But what is the ideal body? Knowing she's far from alone in this struggle, Kim sets out to find the objective definition of this seemingly unattainable level of perfection. While on a fascinating and hilarious journey through time that takes her from obese Paleolithic cavewomen, to the bland menus that Drs. Graham and Kellogg prescribed to promote good morals in addition to good health, to the binge-drinking-prone regimen that caused William the Conqueror's body to explode at his own funeral, Kim ends up discovering a lot about her relationship with her own body.
Critique: A deftly written blend of memoir and social history "Beautiful Bodies" will appeal to anyone reader who has ever been caught in a power struggle with his or her own body! Candid, engaging, insightful, replete with wit and more than a little wisdom, "Beautiful Bodies" is as thoughtful and thought-provoking an account as it is an inherently engaging read from beginning to end. While very highly recommended, especially for community library Contemporary American Biography collections, it should be noted for personal reading lists that "Beautiful Bodies" is also available in a paperback edition (9781477829578, $14.95) and in a digital book format (Kindle, $5.99).
Who Am I and Where Is Home?
9780692872383, $10.00, PB, 264pp, www.amazon.com
Synopsis: Compiled with commentary by Andrea Jackson, "Who Am I and Where Is Home?: An American Woman in 1931 Palestine" is part memoir, part biography, and a fascinating compilation of letters to and from a young Jewish-American poet who lived in Palestine for one year during the Great Depression. Of special note is the inclusion of correspondence with her family in Brooklyn and with two of her suitors -- one an ardent Zionist full of romantic schemes and the other a beginning attorney struggling to support his parents and sisters. Befriending other young Americans living in Jerusalem, she teaches English and then works as secretary to a British engineer charged with overhauling the Jerusalem sewer system, which had been constructed by the Romans some 2000 years before. Her active social life is interrupted when one of the suitors arrives for a visit.
Critique: An absolutely fascinating, deftly crafted read from cover to cover, "Who Am I and Where Is Home?: An American Woman in 1931 Palestine" is an extraordinary, candid, engaging, account of an inherently interesting woman in an inherently interesting time. While very highly and unreservedly recommended for both community and academic library biography collections, it should be noted for personal reading lists that "Who Am I and Where Is Home?" is also available in a digital book format (Kindle, $2.99).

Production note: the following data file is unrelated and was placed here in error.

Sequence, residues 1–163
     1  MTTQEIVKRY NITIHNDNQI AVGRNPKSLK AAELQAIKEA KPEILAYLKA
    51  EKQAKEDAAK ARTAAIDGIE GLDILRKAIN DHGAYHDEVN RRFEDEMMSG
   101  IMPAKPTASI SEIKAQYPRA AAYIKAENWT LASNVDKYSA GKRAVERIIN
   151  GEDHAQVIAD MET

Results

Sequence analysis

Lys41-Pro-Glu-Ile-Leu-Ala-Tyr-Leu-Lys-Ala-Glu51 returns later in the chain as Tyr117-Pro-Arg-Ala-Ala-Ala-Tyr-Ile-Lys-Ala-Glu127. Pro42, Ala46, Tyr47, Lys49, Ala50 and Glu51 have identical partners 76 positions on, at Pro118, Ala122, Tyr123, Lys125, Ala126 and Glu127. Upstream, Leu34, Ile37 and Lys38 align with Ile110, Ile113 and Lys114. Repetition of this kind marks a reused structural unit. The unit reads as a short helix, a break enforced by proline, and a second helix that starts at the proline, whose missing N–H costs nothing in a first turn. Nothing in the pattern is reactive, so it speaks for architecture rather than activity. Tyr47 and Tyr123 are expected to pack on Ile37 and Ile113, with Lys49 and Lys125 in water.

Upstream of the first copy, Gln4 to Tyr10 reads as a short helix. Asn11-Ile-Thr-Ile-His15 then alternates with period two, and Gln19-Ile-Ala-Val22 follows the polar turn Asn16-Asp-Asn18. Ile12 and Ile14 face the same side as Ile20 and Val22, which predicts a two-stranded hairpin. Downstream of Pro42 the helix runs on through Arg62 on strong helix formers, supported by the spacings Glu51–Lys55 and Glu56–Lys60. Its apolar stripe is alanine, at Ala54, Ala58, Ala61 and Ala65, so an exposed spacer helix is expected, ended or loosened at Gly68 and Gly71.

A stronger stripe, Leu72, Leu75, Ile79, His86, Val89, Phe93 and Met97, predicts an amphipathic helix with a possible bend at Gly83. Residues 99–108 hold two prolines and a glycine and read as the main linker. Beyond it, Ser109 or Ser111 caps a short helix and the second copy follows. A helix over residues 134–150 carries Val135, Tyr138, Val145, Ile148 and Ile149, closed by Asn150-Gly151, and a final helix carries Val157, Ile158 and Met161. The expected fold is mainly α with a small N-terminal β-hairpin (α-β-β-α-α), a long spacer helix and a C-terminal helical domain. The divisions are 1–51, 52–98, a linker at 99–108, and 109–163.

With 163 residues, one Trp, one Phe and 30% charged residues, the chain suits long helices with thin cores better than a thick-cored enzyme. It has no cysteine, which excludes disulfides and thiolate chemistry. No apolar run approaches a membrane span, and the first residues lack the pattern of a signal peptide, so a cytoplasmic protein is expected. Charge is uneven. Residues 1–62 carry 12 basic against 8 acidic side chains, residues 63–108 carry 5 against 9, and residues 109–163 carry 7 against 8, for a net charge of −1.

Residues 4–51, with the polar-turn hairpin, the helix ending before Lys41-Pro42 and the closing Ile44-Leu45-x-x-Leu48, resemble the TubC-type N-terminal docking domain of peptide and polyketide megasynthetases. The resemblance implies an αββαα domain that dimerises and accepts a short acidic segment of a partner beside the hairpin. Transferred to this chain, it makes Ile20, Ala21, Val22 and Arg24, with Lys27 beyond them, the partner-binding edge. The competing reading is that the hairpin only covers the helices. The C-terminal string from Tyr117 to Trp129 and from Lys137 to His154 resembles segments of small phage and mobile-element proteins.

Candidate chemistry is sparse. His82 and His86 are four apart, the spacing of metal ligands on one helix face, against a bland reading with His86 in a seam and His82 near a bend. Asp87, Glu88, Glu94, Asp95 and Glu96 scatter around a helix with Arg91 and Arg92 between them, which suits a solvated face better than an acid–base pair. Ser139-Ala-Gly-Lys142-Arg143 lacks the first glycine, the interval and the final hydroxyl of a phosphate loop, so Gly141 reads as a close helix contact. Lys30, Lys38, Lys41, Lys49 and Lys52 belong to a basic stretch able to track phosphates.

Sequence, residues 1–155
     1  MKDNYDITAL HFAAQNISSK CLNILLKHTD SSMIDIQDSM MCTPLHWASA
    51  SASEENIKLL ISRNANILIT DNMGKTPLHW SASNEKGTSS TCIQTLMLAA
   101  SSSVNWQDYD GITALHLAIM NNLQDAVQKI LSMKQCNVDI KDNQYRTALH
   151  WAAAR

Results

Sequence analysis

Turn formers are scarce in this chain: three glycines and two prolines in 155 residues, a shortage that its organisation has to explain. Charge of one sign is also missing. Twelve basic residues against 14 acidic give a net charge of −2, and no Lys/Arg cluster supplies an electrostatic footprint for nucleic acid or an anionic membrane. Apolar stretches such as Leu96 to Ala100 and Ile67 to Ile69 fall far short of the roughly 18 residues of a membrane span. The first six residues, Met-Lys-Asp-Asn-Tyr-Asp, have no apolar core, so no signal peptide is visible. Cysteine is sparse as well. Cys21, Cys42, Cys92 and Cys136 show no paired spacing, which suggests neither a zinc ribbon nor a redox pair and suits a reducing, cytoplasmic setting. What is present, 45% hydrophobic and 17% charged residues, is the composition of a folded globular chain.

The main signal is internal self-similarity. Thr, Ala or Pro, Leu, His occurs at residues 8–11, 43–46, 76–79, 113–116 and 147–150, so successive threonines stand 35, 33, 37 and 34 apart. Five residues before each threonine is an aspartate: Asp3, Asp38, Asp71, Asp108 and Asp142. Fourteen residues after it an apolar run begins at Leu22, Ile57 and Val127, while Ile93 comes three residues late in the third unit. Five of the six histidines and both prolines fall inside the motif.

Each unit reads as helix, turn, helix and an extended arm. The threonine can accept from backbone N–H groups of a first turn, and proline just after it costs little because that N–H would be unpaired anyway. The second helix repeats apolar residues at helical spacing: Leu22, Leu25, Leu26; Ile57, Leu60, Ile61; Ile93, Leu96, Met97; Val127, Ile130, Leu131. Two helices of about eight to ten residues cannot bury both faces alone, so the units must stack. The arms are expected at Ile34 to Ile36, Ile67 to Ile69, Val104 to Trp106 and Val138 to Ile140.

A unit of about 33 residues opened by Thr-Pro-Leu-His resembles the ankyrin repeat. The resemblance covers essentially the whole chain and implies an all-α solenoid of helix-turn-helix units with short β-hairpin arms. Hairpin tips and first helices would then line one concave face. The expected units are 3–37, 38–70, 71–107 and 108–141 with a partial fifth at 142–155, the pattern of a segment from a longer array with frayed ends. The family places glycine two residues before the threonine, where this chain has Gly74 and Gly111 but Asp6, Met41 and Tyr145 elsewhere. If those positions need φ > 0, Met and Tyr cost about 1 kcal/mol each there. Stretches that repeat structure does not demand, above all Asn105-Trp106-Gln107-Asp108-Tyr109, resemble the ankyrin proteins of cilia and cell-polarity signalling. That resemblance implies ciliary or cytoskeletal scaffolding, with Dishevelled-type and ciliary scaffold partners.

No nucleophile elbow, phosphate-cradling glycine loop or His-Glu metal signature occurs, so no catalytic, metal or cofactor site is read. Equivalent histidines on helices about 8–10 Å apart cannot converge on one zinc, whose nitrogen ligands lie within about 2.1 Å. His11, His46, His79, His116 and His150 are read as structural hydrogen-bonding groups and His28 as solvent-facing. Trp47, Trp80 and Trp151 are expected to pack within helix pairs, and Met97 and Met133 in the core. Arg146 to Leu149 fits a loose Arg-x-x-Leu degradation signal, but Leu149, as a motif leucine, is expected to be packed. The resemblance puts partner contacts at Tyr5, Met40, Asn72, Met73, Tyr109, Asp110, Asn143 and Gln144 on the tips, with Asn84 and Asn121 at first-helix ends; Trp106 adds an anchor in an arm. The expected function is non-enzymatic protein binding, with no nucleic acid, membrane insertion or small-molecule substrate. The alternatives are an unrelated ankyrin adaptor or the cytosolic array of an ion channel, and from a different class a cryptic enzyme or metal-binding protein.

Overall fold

The Human Sexuality Shelf
I Fell in Love with an Asexual
Dave Wheitner & Evan Ocean
Divergent Drummer Publications
9780981776484, $15.99, PB, 372pp, www.amazon.com
Synopsis: Asexuality is the lack of sexual attraction to others, or low or absent interest in or desire for sexual activity. It may be considered the lack of a sexual orientation, or one of the variations thereof, alongside heterosexuality, homosexuality and bisexuality. It may also be an umbrella term used to categorize a broader spectrum of various asexual sub-identities.
Millions worldwide may be asexual. Yet, asexuality remains the "invisible orientation," largely unknown and misunderstood, even among therapists. Deeper in the shadows are many sexual partners, some in sexless relationships, frustrated and confused.
"I Fell in Love with an Asexual" is the personal story of Evan Ocean, a man whose partner revealed to him that she had never felt physically or sexually attracted to him or anyone else. This candid account blends firsthand experience with psychology training. The result is self-help memoir and answers questions such as: What is asexuality?; How can you tell if your partner is asexual, and what are your options if they are?; How can you improve your sex life, increase physical intimacy, and become a better sex partner, regardless of your partner's orientation?
Critique: Inherently fascinating, impressively informative, and ultimately inspiring, "I Fell in Love with an Asexual: Recover from a Sexless Marriage or Relationship with Someone Who Lacks Sexual Attraction & Reclaim Your Sexuality, Sanity, & Self" is an extraordinary and unreservedly recommended addition to both community and academic library Human Sexuality reference collections and supplemental studies reading lists. It should be noted for the personal reading lists of sexually frustrated partners, relationship counseling professionals, and non-specialist general readers with an interest in the subject that "I Fell in Love with an Asexual" is also available in a digital book format (Kindle, $6.99).
The Business Shelf
Ken Carnes & David Cottrell
Corner Stone Leadership Institute
PO Box 764087, Dallas, TX 75376